What your Low Extravert Colleagues Want You to Know
Curious how to collaborate better with your co-workers who have lower extraversion or are less extraverted? It’s a question that often gets overlooked in the sea of articles and tips about “bringing out the extravert in others” and “getting introverts to speak up.” We often place the burden of change on low extraverts, but the responsibility of collaboration should be shared equally. Understanding how to work effectively with low extraverts can lead to a more productive and inclusive workplace. So, let’s dive in and explore the world of low extraversion, break down misconceptions, and learn how to connect with our introspective colleagues.
High Extraversion vs. Low Extraversion
Before we delve into the specifics of working with low extraverts, let’s clarify what high extraversion and low extraversion mean.
Extraversion is one of the key dimensions of personality and behavioral styles. In the Predictive Index®, Extraversion is called the B factor. Individuals with a strong need for working with and through others are considered to have high Extraversion (high B) and tend to be outgoing, sociable, and energized by social interactions. They thrive in group environments and are quick to speak up and share their thoughts.
On the other hand, low extraversion (low B) individuals are more reserved, introspective, and prefer solitude while working or one-on-one interactions over group settings. They may find social interactions more draining and need time alone to recharge more frequently. Low extraverts often think deeply before speaking and may take longer to process information or make decisions. But their superpower is in their natural tendency for analytical thinking.
Now that we’ve defined the terms, let’s tackle some common misconceptions about working with low extraverts.
Misconceptions About Low Extraverts
- Low Extraverts Don’t Like People: It’s a common misconception that low extraverts are anti-social hermits. In reality, having lower extraversion doesn’t automatically make someone an introvert. Low extraverts may prefer solitude at times, but it doesn’t mean they dislike people or are inherently shy. They simply have different preferences for social interaction, especially in the workplace. Assuming they want zero interaction is a misconception.
- Low Extraverts are Uncaring: While low extraverts may communicate more succinctly and directly, it doesn’t mean they lack feelings or care less than their boisterous colleagues. They often have deep emotions but express them in their own unique way, which you’ll see more often in a one-on-one setting rather than group forums. What’s great about the low extravert communication style is that you never need to second guess what is being said– they mean what they say. Economical communication doesn’t equal lack of caring.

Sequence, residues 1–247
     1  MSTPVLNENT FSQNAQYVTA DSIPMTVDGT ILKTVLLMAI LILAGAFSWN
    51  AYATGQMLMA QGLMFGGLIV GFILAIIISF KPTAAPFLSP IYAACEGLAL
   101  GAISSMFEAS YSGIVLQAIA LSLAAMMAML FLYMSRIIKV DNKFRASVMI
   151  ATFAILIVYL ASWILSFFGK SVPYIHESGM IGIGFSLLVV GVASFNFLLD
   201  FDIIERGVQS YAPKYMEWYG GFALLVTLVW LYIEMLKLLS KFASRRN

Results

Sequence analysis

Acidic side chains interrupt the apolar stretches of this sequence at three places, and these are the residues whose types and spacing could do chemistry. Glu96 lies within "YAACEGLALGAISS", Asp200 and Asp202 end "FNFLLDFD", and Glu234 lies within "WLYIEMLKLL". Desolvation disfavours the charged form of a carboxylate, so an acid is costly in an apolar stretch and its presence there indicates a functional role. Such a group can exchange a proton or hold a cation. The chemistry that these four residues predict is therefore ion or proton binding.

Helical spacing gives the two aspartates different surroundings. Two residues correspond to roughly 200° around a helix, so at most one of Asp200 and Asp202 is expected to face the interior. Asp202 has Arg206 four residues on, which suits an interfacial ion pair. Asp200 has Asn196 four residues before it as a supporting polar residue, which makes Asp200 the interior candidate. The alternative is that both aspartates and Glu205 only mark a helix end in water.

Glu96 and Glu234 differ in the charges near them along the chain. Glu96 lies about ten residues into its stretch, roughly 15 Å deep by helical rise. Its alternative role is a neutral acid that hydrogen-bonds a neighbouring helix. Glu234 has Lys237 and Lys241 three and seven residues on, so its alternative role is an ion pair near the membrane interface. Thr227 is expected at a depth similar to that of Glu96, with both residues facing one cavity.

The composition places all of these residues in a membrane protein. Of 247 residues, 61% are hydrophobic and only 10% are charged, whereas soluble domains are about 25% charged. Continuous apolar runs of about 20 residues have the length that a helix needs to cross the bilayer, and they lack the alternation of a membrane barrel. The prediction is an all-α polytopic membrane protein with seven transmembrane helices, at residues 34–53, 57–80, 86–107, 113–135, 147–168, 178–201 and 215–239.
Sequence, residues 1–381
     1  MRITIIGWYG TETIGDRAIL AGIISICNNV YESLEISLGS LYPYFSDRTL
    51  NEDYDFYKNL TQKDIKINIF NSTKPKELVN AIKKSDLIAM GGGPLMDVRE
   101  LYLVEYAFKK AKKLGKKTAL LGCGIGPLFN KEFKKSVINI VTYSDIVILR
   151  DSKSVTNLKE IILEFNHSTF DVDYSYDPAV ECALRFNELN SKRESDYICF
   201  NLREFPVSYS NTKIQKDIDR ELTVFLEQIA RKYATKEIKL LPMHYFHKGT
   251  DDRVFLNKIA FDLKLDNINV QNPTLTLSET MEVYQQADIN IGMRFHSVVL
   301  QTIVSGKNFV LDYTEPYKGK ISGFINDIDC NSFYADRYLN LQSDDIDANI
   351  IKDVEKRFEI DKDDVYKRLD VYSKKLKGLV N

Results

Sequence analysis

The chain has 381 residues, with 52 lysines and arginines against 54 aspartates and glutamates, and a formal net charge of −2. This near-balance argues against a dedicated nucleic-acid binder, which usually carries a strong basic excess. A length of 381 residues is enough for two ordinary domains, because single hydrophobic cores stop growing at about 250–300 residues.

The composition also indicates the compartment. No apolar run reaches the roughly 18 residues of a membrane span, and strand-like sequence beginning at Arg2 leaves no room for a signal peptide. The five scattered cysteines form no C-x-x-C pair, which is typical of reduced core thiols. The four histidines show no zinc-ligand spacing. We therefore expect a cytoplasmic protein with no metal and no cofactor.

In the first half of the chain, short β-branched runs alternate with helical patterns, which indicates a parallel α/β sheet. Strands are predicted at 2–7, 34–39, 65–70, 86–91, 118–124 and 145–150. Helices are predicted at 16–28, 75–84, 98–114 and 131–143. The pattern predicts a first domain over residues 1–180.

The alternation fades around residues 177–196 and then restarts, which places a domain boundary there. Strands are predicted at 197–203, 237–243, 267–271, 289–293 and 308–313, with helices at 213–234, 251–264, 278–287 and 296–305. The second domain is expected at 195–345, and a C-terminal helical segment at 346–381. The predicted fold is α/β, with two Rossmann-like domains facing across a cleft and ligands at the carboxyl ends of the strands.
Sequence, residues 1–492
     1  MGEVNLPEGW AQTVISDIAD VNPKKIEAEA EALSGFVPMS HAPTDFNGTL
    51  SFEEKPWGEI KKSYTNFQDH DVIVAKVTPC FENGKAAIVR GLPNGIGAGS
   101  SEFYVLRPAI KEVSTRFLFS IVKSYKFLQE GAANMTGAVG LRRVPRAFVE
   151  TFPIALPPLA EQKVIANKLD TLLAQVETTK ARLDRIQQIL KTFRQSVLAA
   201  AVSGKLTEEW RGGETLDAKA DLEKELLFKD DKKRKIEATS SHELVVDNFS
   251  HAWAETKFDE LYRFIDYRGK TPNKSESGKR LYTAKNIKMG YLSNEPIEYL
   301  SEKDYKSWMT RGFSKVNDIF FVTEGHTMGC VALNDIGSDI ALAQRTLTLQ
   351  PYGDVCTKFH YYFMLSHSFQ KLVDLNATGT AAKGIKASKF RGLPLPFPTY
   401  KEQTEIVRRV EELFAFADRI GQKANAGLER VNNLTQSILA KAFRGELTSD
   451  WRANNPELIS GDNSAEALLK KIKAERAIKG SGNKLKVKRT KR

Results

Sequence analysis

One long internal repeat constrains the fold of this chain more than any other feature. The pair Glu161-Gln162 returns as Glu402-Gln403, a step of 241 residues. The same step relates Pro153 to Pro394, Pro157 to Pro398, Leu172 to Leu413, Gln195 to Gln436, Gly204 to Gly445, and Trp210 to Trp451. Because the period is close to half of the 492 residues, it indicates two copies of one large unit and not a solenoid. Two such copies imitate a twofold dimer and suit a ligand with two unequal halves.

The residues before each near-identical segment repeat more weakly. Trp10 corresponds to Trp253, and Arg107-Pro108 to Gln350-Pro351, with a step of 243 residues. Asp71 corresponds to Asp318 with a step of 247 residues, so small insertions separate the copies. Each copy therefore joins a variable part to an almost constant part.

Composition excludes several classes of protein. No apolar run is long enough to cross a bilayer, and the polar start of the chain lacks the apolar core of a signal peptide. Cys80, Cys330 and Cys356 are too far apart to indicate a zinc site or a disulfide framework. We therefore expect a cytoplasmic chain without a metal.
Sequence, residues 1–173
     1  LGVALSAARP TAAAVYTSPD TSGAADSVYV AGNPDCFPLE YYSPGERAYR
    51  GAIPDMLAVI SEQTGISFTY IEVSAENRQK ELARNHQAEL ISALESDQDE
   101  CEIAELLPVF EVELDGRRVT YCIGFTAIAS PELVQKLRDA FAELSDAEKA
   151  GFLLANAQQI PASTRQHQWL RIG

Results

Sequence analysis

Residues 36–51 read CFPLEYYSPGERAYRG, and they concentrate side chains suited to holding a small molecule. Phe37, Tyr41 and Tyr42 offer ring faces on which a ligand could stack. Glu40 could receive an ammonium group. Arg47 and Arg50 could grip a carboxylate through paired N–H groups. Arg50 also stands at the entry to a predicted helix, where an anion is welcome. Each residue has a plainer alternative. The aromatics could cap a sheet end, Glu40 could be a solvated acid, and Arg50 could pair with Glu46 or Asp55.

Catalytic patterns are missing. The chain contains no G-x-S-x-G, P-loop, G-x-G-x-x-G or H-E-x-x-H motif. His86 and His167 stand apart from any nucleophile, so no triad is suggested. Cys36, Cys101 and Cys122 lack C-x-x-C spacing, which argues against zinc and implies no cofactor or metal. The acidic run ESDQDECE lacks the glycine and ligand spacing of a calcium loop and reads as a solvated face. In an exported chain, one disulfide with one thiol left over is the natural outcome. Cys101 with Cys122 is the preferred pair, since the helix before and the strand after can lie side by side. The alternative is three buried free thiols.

- Low Extraverts are Overly Critical: Many individuals with lower extraversion tend to be systems-oriented and analytical, which leads to a high volume of questions (paired with the succinct communication style we just mentioned). When a low extravert asks questions, it’s not an attempt to undermine someone’s goals or ideas. Instead, it’s a genuine effort to understand and be supportive. Low extraverts are often creative problem solvers who gather information to assess solutions thoughtfully.
In summary, low extraverts are not automatic introverts, they’re not allergic to humans, and while they’re communication style may seem puzzling to you, they are simply deep thinkers.
What Your Low Extravert Co-workers Want You to Know
Now that we’ve debunked some myths, let’s explore what your low extravert co-workers would like you to understand about working with them.
Provide time for thought and introspection. By far, the most common request from a low extravert is “give me some time to think!” While high extraverts gravitate towards in-person interactions for verbal brainstorming, selling an idea, and group problem-solving, a low extravert’s first instinct is to work on the problem independently. Low extraverts appreciate having questions and topics in advance of brainstorming sessions or meetings. This gives them time to process information thoroughly, ensuring they can contribute confidently and effectively to discussions.
It’s okay to be direct. In fact, a low extravert prefers direct communication because it is substantial and to the point. Direct communication can sound like giving an agenda at the beginning of a call, asking for what you want with clear deadlines and expectations, or just being more matter-of-fact. No need to read between the lines or add extra “fluff” – say what you mean and mean what you say!